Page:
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PG-13 Movies Have More Gun Violence than R-Rated Films

A new study conducted by teams at Ohio State University and the Annenberg Public Policy Center has found that in major blockbusters, gun violence is more common in movies rated PG-13 than movies that are rated R. The researchers looked at the 30 highest grossing films for each year from 1950 through 2012, and founded that since 1985, the amount of gun violence in films rated PG-13 has been rising “considerably.” And while MPAA standards on issues like the use of profanity, nudity and sexual content are relatively clearly defined, acceptable levels of violence and gunplay in films marketed to teens is an area that is often not as obvious.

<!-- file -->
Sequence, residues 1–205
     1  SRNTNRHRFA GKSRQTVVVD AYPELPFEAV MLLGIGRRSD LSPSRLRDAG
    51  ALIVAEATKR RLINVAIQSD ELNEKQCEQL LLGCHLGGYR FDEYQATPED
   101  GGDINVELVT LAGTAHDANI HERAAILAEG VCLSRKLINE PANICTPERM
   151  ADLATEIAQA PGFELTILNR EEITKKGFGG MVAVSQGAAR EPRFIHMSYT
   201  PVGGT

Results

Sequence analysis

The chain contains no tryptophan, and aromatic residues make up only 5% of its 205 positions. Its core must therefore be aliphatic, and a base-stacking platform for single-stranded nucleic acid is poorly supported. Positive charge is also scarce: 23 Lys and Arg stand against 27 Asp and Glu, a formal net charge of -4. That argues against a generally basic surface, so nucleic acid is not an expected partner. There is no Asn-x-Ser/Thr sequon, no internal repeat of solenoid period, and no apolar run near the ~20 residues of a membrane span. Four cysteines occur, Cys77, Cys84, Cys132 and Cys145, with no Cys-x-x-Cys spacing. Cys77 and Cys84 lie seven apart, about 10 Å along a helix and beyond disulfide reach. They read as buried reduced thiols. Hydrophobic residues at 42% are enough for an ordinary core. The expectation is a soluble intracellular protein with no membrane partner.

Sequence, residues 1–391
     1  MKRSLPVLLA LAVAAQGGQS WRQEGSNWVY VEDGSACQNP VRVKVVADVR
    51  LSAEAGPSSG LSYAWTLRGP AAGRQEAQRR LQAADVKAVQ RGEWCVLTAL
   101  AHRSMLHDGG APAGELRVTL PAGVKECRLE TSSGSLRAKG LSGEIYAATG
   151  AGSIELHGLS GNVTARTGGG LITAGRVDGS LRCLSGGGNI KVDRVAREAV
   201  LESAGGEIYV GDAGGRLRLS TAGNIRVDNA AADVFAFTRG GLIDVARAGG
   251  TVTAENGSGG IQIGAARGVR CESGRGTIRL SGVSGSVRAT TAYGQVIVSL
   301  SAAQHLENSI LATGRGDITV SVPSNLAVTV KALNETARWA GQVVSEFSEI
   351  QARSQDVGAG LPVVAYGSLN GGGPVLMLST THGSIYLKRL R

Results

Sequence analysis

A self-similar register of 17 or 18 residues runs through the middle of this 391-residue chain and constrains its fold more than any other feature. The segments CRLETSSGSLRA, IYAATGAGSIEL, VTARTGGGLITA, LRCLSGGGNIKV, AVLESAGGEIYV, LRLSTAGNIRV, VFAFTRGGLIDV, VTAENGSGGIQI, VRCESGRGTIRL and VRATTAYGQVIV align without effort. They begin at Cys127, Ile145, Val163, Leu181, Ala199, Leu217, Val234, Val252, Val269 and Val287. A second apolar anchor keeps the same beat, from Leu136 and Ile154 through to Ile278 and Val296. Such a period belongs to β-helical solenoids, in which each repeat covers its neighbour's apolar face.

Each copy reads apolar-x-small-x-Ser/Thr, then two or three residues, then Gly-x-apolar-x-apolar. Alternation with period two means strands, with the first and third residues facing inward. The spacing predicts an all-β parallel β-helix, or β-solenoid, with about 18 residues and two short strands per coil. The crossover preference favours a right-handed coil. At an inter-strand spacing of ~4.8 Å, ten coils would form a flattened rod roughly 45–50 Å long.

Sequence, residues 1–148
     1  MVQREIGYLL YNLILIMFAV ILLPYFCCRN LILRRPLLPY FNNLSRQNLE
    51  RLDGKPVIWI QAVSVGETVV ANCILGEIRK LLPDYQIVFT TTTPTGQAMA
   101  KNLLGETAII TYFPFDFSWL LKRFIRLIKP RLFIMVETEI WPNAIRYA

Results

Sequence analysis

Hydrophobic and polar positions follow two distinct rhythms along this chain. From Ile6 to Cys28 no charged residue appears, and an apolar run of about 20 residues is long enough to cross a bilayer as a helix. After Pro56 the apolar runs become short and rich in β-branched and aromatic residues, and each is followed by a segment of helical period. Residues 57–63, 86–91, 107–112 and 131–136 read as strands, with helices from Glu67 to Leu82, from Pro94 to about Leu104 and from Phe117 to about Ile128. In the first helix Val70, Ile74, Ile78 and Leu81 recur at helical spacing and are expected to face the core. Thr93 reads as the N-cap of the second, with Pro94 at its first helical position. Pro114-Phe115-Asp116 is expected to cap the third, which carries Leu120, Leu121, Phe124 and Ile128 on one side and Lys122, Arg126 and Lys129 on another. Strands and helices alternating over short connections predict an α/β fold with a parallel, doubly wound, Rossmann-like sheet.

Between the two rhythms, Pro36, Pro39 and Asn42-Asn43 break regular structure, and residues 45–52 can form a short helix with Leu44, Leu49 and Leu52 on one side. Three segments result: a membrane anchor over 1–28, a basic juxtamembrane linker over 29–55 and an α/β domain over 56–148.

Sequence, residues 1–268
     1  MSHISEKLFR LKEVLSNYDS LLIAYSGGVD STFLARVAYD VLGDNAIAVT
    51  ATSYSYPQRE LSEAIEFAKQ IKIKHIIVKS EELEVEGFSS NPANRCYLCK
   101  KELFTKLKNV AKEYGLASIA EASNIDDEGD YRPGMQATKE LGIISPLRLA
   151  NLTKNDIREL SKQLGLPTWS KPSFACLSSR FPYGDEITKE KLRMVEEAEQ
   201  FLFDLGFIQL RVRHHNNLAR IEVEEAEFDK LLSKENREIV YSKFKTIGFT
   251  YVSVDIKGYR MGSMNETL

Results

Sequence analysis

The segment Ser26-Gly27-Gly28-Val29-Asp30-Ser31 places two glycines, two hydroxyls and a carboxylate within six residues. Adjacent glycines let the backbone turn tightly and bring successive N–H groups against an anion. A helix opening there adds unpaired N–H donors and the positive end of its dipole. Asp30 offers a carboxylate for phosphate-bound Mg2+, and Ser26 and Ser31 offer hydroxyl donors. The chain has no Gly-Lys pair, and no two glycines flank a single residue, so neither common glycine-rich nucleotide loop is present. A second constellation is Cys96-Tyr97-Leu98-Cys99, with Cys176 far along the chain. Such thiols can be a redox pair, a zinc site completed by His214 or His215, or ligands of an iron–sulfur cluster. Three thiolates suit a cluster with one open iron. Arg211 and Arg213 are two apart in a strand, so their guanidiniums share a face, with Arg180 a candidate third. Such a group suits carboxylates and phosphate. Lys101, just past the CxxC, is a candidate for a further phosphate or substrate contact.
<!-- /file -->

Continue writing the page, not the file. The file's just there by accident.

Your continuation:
Researchers have even suggested that there could be a link to exposure to gun-related entertainment and actual acts of aggression, because of a phenomenon known as the “weapons effect.” In their research, they said, “By including guns in violent scenes, film producers may be strengthening the weapons effect and providing youth with scripts for using guns.” Evidently, blockbuster filmmakers have just run out of original ideas and are now simply employing the Michael Scott philosophy of screenwriting …

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